Iris P. had close friendships and even entered into intimate relationships with people whom she spied on at the same time. As an undercover investigator “Iris Schneider” investigated the left-wing scene and the Rote Flora in Hamburg for years. After her exposure in the media in 2014, two other undercover investigators in Hamburg were uncovered within 18 months: Maria B. (cover name “Maria Block”) and Astrid O. (alias “Astrid Schütt”). They used similar methods as Iris P. and were undercover in the left-wing scene for many years.
In idyllic Heidelberg, the policeman Simon B. enrolled at the university in 2010 specifically to spy on left-wing students who would never have dreamed of being caught in the crosshairs of state surveillance.
The protagonists tell their striking stories from very different perspectives. Surveilled people from the surroundings of the Rote Flora in Hamburg and young students from Heidelberg, but also politically and legally responsible figures, such as the former Federal Public Prosecutor Kay Nehm, have their say.
What does surveillance, which usually seems abstract, really mean? IM INNER KREIS approaches this current social question in a very personal and concrete way: What are the consequences of surveillance for the individual and for society as a whole? How free can people who are under surveillance be?
Director: Hannes Obens and Claudia Morar
Idea: Hannes Obens
Camera: Maurice Wilkerling, Lasse Teubner
Editing: Michelle Barbin
Animations: Anna Levinson
Sound: Timo Selengia
Music: Oliver Ruhmkorf, The Stars
Sound design: Oliver Eberhard and Joel Vogel
Production: Dirk Manthey
Grading: Sebastian Schmidt
Claudia Morar studied history and art history in Berlin. She works as a filmmaker and lecturer. IM INNER KREIS is her first feature-length cinema documentary.
Hannes Obens studied literature, history and philosophy. Among other things he works as a filmmaker and screenwriter. IM INNER KREIS is his first feature-length cinema documentary.
The surveillance zeal of the German authorities seems to know no bounds. Telecommunication surveillance, home surveillance, tracking devices, observations, and undercover agents are regular investigative tools. There have also been years of undercover investigations in the left-wing scene in Hamburg?
This all sounds like a spy thriller. Sensitised by Edward Snowden’s revelations, the passing of data retention, but also by the involvement of the German security authorities in the NSU murder series, we began to do independent research in 2015.
With its investigative tools, the state deeply interferes with fundamental rights. Undercover investigators are trained to gain the trust of other people in order to obtain information.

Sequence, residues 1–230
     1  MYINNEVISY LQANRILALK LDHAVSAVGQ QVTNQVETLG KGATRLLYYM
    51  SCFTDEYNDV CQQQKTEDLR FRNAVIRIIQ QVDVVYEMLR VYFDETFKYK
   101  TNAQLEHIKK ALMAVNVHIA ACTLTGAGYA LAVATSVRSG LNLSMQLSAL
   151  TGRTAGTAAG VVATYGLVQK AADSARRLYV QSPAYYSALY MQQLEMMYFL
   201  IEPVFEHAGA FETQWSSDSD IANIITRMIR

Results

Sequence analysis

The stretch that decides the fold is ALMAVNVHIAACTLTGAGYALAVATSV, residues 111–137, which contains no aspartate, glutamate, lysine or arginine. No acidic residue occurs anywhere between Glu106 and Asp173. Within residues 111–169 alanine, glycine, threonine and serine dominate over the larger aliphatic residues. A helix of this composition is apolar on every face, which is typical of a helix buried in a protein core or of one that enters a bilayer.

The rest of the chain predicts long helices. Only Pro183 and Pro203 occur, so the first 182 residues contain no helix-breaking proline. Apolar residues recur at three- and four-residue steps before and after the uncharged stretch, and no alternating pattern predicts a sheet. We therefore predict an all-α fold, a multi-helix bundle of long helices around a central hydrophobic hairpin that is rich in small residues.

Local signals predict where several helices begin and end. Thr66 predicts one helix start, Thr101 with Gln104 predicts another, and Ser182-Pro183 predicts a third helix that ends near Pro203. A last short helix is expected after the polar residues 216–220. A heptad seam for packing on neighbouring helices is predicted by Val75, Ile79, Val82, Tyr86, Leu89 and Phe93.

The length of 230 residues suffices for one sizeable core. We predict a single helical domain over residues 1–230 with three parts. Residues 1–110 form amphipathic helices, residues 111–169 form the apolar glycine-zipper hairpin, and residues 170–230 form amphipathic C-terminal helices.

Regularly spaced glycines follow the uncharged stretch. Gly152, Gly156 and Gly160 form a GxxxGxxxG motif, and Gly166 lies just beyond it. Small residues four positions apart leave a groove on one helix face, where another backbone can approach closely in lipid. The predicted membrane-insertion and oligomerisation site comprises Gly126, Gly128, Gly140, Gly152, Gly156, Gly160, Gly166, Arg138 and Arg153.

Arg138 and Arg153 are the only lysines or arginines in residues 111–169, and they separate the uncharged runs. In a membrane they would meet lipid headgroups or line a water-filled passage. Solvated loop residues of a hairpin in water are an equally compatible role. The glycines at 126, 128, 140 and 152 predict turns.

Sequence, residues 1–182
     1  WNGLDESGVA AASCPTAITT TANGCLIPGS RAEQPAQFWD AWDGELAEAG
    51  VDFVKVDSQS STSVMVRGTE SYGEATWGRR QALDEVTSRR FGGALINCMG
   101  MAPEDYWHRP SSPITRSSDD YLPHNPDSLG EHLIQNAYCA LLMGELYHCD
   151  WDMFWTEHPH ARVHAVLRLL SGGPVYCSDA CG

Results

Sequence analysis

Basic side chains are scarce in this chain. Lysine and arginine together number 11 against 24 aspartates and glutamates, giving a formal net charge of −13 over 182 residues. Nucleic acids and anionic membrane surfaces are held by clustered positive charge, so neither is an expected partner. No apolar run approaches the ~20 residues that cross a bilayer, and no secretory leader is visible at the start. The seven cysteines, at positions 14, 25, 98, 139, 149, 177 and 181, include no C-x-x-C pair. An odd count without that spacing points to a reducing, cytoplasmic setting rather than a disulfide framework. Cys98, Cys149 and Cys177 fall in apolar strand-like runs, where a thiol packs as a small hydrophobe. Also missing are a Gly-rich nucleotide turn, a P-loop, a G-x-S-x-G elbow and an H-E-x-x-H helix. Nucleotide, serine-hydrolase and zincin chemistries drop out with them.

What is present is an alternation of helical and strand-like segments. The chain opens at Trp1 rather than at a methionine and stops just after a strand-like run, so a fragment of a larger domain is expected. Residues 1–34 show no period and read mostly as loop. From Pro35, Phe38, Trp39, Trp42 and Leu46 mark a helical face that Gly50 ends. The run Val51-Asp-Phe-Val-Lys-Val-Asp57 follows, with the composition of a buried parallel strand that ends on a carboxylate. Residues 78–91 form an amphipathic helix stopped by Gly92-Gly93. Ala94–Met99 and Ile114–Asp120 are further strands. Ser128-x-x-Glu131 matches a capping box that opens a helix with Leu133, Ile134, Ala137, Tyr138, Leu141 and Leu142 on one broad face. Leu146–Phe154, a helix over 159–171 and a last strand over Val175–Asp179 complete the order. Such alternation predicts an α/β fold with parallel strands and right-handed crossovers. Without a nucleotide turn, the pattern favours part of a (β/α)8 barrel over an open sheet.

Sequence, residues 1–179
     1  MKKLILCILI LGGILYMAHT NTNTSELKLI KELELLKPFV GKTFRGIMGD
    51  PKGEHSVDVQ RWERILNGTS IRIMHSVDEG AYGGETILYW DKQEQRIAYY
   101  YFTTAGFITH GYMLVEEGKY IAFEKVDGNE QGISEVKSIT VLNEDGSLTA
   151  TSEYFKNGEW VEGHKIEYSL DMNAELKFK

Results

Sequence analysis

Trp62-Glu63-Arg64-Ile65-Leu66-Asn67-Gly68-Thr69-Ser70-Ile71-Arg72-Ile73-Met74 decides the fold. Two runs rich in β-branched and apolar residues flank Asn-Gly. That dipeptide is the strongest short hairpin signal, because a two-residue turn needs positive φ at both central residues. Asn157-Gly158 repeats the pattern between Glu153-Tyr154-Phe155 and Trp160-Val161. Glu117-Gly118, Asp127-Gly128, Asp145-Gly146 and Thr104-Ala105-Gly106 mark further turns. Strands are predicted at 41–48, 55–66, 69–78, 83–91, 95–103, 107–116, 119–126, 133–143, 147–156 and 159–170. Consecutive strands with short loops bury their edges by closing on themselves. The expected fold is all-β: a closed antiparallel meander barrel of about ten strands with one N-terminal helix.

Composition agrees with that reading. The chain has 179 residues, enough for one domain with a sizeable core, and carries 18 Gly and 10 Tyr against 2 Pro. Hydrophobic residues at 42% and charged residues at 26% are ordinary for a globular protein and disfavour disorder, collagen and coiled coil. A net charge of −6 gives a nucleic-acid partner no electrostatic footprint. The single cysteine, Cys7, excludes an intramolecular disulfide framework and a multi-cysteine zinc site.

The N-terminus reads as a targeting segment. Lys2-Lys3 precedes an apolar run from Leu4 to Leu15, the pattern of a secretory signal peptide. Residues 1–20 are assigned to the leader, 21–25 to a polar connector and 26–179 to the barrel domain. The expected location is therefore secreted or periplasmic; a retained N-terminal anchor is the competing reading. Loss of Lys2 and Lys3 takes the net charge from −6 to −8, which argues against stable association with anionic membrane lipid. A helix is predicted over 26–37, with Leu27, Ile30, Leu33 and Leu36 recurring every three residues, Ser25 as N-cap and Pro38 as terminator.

From the state’s point of view, the enemy seems to be clearly located in left-wing contexts. It soon became clear that the officers were not only obtaining information, but also actively using their power to divide political groups.
It is therefore important to us that the film sets a counterpoint to pro surveillance discourse by making the individual and social consequences of surveillance tangible. It is also important to us that the film reaches a broad social spectrum. As filmmakers we are grateful that the film continues to be seen and discussed in this way and that it continues to have special screenings in football clubs, political parties, political groups, universities and school classes.
And yes, the story of Iris P., and other undercover investigators who play a role in this important documentary, does contain elements of a gripping spy thriller. However, with good editing and the help of a few stylistic devices, the filmmakers succeed in creating an undistracted production that does not emphasise the sensational content of the undercover affair. Police violence in our bourgeois society, as becomes clear, begins in private and reaches into the private sphere.
Wolfgang Frömberg, Intro, 20 July 2017.
Obens and Morar have succeeded in making a film that is well worth seeing, showing how far the police go in this country and the effect on their victims. Incidentally, the undercover investigators did not expose any terror supporters in the left-wing scene, but they did expose the methods of their own agency. At the end of the film, a quote from Stasi chief Erich Mielke is shown. He advised his spies to “crawl under the skin of other people and look into their hearts…” That is exactly what the undercover investigators in Hamburg did.
Kerstin Herrnkind, stern.de, 29 June 2017.
And Michel Foucault would certainly have liked it as well, this open-minded discourse film on the subject of “surveillance and punishment”.
Simon Hauck, kino-zeit.de
Morar and Obens convincingly show in their film that Iris P.’s snooping went far beyond drawing character pictures of individual scene activists or collecting data on left-wing personal connections. Her activity was designed to destroy structures. (…) The result is an important film document about the surveillance state of the Federal Republic of Germany.
Oliver Rast, der Freitag, 20 June 2017.
The documentary “Im inneren Kreis” (In the Inner Circle) about police informers in the left-wing scene reminds us that the history of such operational methods has not yet been written.
Dominik Rigoll, zeitgeschichte-online.de, 13 October 2017.
More press reviews at: http://www.iminnerenkreis-doku.de/pressestimmen